Last Update: 31 MAY, 2012 | Out of the limelight but deep in significance, this case study examines the world’s supply of these other natural resources that help make modern life and technology what it is today. As with extraction and development for fuels like oil and natural gas, with increasingly sophisticated technology, more minerals are able to be reached than were previously economically feasible. Related is the expanded environmental consequences from increased searching for and extraction of such valuable items. As the demand for more advanced technology continues to expand, the competition for access to and production of these items will continue to become another factor as the 21st century progresses.
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What are “Rare Earths”?
Rare Earths is a more common way to reference “Rare Earth Elements”, of which there are 17. Rare Earth Minerals are clusters of these elements together. Elliot Brennan explains:
The name, rare earth element, is a misnomer. The elements are far more abundant than many precious minerals. Yet their dispersion means they are rarely found in economically viable quantities. There are 17 REEs – 15 lanthanides, and scandium and yttrium. The 15 lanthanide elements occupy atomic numbers 57 to 71 on the periodic table. The similarity of their chemical properties, demonstrated by their close proximity on the table, makes them very difficult to separate. Their extraction is capital- and skill- intensive. – Asia Times Online :: Rare earths – the next oil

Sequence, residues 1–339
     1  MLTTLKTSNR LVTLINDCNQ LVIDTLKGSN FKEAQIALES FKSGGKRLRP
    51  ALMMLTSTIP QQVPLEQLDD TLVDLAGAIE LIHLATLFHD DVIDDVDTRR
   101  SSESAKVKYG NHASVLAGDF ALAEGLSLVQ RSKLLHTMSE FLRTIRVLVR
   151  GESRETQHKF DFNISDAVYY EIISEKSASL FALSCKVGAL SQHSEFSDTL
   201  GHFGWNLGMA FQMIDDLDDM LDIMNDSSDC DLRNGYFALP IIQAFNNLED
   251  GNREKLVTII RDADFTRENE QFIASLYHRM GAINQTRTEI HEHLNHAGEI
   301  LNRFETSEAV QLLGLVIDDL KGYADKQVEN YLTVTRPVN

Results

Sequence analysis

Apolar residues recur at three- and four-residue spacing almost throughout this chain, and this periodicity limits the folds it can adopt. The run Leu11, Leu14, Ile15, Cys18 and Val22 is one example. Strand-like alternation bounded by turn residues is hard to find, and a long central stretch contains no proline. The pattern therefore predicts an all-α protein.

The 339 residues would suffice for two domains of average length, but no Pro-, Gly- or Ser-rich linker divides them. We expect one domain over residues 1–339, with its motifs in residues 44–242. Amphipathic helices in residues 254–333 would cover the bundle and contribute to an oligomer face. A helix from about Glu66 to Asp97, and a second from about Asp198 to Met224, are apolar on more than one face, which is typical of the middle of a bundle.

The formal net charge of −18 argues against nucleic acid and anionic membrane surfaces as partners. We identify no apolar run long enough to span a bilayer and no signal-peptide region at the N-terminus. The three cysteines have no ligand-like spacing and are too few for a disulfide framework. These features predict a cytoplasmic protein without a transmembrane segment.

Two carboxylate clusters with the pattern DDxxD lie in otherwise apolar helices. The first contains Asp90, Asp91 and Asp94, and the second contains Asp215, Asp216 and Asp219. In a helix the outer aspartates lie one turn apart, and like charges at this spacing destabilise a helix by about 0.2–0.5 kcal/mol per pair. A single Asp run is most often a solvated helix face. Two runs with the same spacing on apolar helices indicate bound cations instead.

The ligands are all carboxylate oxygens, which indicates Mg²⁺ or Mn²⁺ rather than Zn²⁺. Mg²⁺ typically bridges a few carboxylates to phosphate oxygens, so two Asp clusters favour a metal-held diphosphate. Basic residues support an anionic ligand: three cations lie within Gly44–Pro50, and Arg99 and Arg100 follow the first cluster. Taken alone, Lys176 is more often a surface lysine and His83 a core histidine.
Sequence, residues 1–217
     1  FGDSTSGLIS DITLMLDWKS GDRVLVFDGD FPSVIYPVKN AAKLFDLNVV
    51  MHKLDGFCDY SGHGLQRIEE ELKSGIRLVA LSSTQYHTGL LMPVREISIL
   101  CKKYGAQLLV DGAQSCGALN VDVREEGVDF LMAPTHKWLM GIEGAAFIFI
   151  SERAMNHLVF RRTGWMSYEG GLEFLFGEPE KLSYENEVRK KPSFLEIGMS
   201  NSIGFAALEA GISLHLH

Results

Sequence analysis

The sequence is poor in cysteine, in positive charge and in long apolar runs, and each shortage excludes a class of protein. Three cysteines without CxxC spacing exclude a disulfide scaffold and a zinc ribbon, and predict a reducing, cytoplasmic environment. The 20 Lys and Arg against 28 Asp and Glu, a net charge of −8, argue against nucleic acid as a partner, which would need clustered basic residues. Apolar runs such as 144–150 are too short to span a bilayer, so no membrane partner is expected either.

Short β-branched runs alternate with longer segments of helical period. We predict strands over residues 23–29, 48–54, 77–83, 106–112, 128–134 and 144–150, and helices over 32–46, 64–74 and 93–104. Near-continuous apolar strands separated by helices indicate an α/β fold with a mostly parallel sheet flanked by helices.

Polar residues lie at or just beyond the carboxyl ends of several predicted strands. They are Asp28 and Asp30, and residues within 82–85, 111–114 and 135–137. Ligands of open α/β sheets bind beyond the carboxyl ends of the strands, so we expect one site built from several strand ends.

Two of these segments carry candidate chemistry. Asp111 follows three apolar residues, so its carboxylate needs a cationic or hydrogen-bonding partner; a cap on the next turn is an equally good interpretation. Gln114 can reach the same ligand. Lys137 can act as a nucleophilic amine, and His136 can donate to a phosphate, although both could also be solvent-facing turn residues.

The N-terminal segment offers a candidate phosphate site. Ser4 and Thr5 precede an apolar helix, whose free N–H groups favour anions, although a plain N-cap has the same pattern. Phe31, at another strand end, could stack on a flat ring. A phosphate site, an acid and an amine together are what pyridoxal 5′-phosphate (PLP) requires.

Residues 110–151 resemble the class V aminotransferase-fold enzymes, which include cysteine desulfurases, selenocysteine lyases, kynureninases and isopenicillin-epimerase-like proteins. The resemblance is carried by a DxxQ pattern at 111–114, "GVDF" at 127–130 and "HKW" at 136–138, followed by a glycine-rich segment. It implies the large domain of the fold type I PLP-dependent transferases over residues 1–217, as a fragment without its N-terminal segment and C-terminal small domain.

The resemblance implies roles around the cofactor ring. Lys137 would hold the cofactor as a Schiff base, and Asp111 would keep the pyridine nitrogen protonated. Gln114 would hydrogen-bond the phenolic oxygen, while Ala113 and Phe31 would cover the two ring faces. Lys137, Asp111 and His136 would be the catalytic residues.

Rare Earths 2011 Conference
So as the prices of rare earth oxides have increased on average 150% since Q3 2010, the rare earth race continues, and downstream producers hang in the balance.
Controversy and Exploitation
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Rare Earths, Minerals, Metals & Mining Timeline
OCT13 SEPT 14-16, Rare Earths 2011 Conference The Anchor House, Inc. » Blog Archive » Metal Pages China Conference Report “In contrast to last year’s Minor Metals and Rare Earth conference, which welcomed one hundred fifty delegates, the 2011 rare earth-exclusive event (minor metals had their own conference earlier in the week) topped 300 participants. Nigel Tunna, managing director of Metal Pages, organized the program to address the “major issues affecting the rare earth market including Chinese policy and supply, the status of new production, recycling, new uses and the influence that the price increase has had on its consumption.””
MAR16 Asia Times Online :: Rare earths – the next oil “Former Chinese president Deng Xiaoping recognized the importance of rare earth elements (REEs) almost two decades ago. “The Middle East has oil and China has rare earth,” he said in 1992. His foresight was impressive. …”
Looking ahead, Quantum Rare Earth Developments Corp’s (CVE:QRE) (OTCQX:QREDF) president Peter Dickie is “greatly encouraged”, after last week’s significant increase in resources at the company’s Elk Creek niobium rare earth element project in southeastern Nebraska.
MAY27 Otero Mesa; Fight Over Rare Earths Threatens a Desert Bio-Gem | The Energy Collective. “An essential mineral ingredient used in a variety of electronics from cell phones to smart bombs could be a death knell for a pristine part of a wild New Mexico desert grassland coveted by environmentalists—and considered sacred to Native Americans.
That ingredient—rare earth elements—is at the heart of a recent battle to protect one of the crown jewels of the southwest, the Otero Mesa, a unique desert environment that sits atop one of the largest untapped fresh water aquifers in the state. “
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Jesse Parent studied International Relations at SUNY Geneseo and is preparing for a Nanoscience degree. His research focuses on Energy, Technology, Resources, Geopolitics, and Sustainability. For more of Jesse’s thoughts throughout the week and to see what news he’s following, you are invited to join the conversation via Twitter, Facebook, or Tumblr. Visit INFLUENCE with Jesse Parent to view Case Studies, Reports, Editorials and more.